Wednesday, August 26, 2015

How the Lord's Table pictures the Holy Spirit's union of believers to Jesus Christ

picture is from
1 Corinthians 11:23-26 "For I received from the Lord that which I also delivered to you, that the Lord Jesus in the night in which He was betrayed took bread; 24 and when He had given thanks, He broke it and said, “This is My body, which is for you; do this in remembrance of Me.” 25 In the same way He took the cup also after supper, saying, “This cup is thenew covenant in My blood; do this, as often as you drink it, in remembrance of Me.”26 For as often as you eat this bread and drink the cup, you proclaim the Lord’s death until He comes."

Yesterday we began considering the Lord's table from the vantage point of how it is connected to the Spirit's ministry in the life of the Christian and the local church body. Inasmuch as the Lord's table points us to what Jesus did (in the past) regarding our salvation and points us forward to the future regarding His second coming, in this particular series of posts, we are interested in the present. In other words, what does the Lord's table have to tell us about the Holy Spirit's current ministry in the life of the Christian in how He connects the believer in continuous union with Jesus Christ?

Exploring the language of union with Christ as found in the Lord's supper
As we consider Paul's words here in 1 Corinthians 11:23-26, we discover a certain set of expressions that describe the Christian's union with the Lord Jesus Christ. One of the purposes of the Lord's table - as we are laboring to show here - is to signifiy the reality of how the Christian partakes of Jesus Christ in a special way at the Lord's table as a result of their continuous union with Him in their daily lives. 

In 1 Corinthians 11:25-26, we see the language of "eating" and "drinking" associated with the body and blood of Jesus. Notice - "and when He had given thanks, He broke it and said,“This is My body, which is for you; do this in remembrance of Me.” 25 In the same way He took the cup also after supper, saying, “This cup is the new covenant in My blood; do this, as often as you drink it, in remembrance of Me.” This particular language can only make sense when we realize that the Holy Spirit's ministry of uniting the Christian to Christ at salvation enables them to enjoy His Person and achievements. Outside of the Spirit's ministry, eating of Jesus' flesh and blood makes no sense.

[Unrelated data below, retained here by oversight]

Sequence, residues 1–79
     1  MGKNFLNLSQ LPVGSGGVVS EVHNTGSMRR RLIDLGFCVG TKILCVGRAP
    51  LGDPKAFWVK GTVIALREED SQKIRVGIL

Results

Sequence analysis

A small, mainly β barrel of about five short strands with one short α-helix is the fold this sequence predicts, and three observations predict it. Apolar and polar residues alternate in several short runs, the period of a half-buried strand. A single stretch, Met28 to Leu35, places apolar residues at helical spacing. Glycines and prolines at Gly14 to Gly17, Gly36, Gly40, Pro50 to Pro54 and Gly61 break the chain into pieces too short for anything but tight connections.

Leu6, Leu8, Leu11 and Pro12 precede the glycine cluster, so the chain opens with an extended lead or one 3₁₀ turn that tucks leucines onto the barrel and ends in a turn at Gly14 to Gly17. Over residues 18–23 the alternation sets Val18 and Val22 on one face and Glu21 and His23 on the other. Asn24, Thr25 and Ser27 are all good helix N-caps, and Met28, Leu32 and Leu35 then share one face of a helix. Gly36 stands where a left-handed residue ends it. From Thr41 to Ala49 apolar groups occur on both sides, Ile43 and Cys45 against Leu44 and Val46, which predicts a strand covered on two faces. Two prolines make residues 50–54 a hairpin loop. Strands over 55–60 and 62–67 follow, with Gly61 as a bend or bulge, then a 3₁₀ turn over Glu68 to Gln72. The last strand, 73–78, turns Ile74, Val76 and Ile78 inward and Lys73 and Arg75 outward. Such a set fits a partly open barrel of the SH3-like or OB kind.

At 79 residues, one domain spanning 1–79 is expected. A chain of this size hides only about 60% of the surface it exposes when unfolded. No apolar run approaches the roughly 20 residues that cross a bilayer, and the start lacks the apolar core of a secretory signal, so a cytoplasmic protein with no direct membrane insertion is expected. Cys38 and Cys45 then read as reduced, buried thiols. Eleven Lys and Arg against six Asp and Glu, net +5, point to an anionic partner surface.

When Jesus was ministering on this earth, He gave the language of eating and drinking of His flesh and blood prior to His institution of the Supper for His church. Notice what we read in John 6:53-56 "So Jesus said to them, “Truly, truly, I say to you, unless you eat the flesh of the Son of Man and drink His blood, you have no life in yourselves. 54 He who eats My flesh and drinks My blood has eternal life, and I willraise him up on the last day. 55 For My flesh is true food, and My blood is true drink. 56 He who eats My flesh and drinks My blood abides in Me, and I in him." Whenever you read the context of John 6, it is clear that the Jewish audience of Jesus' day were having a difficult time understanding Jesus' words. How could one literally eat the flesh and blood of someone who was still speaking to them? How could someone eat flesh and blood and have that person abide in them and they in that person? For the Jewish mind, to eat blood of any sort was forbidden by the Mosaic Law (Leviticus 17:10-11). Clearly the ability to partake of Jesus' flesh and blood was not going to be achieved in the strict literal manner in which the Jews were thinking. Even the disciples had a hard time with Jesus' teaching (see John 6:60).

So what in the world was Jesus talking about in regards to "eating His flesh" and "drinking His blood"? Jesus begins to open the door of understanding a crack in John 6:61-63 "But Jesus, conscious that His disciples grumbled at this, said to them, “Does this cause you to stumble?62 What then if you see the Son of Man ascending to where He was before? 63 It is the Spirit who gives life; the flesh profits nothing; the words that I have spoken to you are spirit and are life."